Guide to Moral Living in Examples: Gerontology

"I can't believe we did it," Shirley said, then she poured a measure of champagne out of an Erlenmeyer flask and into her throat. "I really think that we've changed the course of history."

"We did. Believe it," Clint said. He leaned on the laboratory table to steady himself.

"I can't! We'll go down in the history books! We're like Pasteur! Salk! Crick, Watson and Franklin! God, we may even be listed next to them in the textbooks of the future. We've done no less than any of them. We've created the first therapeutic treatment for aging!"

"Thank god for the common cold. A minor case of the sniffles once every ten years for everlasting life."

"We stand among the greats," Shirley said. She spilled some champagne down her lab coat. "Pssh, I can afford another."

A column of air shimmered in front of Shirley and Clint. It looked exactly like the heat rising off of asphalt on a hot summer day. The column fattened out in the middle until it formed an oval while the shimmering began angrier, like water coming to a boil, until it completely obscured everything behind it.

Through this opaque, pulsing oval stepped a supercentenarian holding an anachronistically advanced ray gun.

"Hand over the research, sonny," the supercentenarian said to Clint.

"I really need to drink either less, or more." Clint rubbed his eyes.

"Alright, if this nincompoop won't give me the goods, I'll ask little Molly Twoshoes over here. Let's see it, quit sitting on your hands."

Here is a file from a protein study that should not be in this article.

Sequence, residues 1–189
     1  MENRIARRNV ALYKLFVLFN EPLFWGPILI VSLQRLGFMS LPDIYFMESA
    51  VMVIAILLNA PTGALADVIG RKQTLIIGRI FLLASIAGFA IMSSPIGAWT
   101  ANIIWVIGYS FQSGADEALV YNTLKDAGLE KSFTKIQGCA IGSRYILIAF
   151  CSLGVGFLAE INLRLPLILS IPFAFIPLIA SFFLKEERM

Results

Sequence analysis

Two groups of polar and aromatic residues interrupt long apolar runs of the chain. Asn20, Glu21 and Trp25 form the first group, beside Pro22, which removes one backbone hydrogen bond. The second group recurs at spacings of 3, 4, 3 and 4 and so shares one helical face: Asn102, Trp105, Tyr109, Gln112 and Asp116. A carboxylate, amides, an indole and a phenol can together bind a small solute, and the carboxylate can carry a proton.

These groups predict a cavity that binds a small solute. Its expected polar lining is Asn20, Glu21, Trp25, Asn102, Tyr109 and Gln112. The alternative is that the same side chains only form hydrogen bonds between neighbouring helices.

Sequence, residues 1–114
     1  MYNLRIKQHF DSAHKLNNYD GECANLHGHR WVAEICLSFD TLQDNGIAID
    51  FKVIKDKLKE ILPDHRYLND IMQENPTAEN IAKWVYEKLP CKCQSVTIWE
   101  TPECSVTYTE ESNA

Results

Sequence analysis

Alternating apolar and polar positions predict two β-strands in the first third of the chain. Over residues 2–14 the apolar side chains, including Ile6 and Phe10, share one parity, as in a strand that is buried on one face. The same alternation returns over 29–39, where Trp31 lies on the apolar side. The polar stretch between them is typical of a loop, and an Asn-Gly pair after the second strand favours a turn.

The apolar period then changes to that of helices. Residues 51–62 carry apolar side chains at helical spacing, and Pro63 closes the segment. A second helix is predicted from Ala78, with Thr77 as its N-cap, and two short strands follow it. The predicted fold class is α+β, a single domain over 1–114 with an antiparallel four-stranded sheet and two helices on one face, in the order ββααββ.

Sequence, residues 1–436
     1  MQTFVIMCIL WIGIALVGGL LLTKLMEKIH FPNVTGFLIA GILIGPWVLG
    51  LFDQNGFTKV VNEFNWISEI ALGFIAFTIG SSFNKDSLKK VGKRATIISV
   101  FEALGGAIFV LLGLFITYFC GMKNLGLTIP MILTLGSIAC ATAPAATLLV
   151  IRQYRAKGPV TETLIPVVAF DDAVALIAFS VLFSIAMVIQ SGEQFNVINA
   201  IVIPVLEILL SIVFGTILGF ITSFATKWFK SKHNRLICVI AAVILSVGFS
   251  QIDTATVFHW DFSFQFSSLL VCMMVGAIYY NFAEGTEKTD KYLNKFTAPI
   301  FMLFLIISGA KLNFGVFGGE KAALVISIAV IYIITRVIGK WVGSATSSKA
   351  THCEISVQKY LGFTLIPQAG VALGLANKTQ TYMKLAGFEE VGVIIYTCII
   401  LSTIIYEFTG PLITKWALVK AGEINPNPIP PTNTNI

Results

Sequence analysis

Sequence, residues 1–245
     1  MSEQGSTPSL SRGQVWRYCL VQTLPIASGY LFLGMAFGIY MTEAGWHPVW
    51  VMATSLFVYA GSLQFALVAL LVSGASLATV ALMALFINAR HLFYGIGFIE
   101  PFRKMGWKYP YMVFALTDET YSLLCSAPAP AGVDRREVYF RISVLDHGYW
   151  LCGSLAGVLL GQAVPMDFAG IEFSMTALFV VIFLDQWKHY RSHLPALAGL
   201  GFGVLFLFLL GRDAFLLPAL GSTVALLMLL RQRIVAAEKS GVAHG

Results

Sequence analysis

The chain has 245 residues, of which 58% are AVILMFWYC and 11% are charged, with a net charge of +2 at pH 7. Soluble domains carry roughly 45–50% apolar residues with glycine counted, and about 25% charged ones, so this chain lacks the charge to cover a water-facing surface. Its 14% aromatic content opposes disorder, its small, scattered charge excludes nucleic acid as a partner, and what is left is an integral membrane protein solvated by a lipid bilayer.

"I certainly don't know what you're talking about, and you'll do well to address me as Doctor Ethelwhip, and I'm in charge of this lab."

"Molly Twoshoes, I'm over one hundred and twenty five years old. I don't have time for your childish games." The supercentenarian squeezed the trigger on the ray gun. The beam crackled and hit the bottle of champagne on the counter. It exploded into vapor.

"I won't ask again."

Clint held up his hands. "Don't kill us. I'll give you the serum. Just inject it."

Shirley surreptitiously slid a foot forward and let the hand holding the Erlenmeyer flask slip around the neck into a firmer grip.

"I've stormed the beaches of New London on Mars and fought my way up Olympus Mons, so don't piss in my ear and tell me that you've terraformed a red hell. One more step and you'll be a whiff of gas and a bad memory for your parents."

"Shirley, it's okay. Here," Clint said, handing over the stack of papers and the small rack of samples of the anti-aging virus.

"Don't give it to him! He can't just steal, it isn't right!"

"Right or wrong, I'm the supercentenarian with a ray gun," said the supercentenarian with a ray gun. He snatched the papers and samples from Clint.

"Good luck with your inevitable senescence! We've conquered the solar system, developed time travel and fed the hungry but the research to combat aging was lost because of some lunkhead in a lab accidentally incinerating the files. Idiot. Good thing we've got these time machines! Enjoy your senescence!" The supercentenarian stepped back into the shimmering oval. They heard him cackling until the portal snapped shut.

Clint took the Erlenmeyer flask out of Shirley's hands and took a drink.

"I can't believe you threw away out research like that!"

"Relax. We still have it."

"Then what did you give him?"

"A few vials of unmodified cold virus and a stack of half-graded student lab reports to read while he's recovering."

The Moral: supercentenarians tend to be nice and the proof is that they haven't been fatally stabbed

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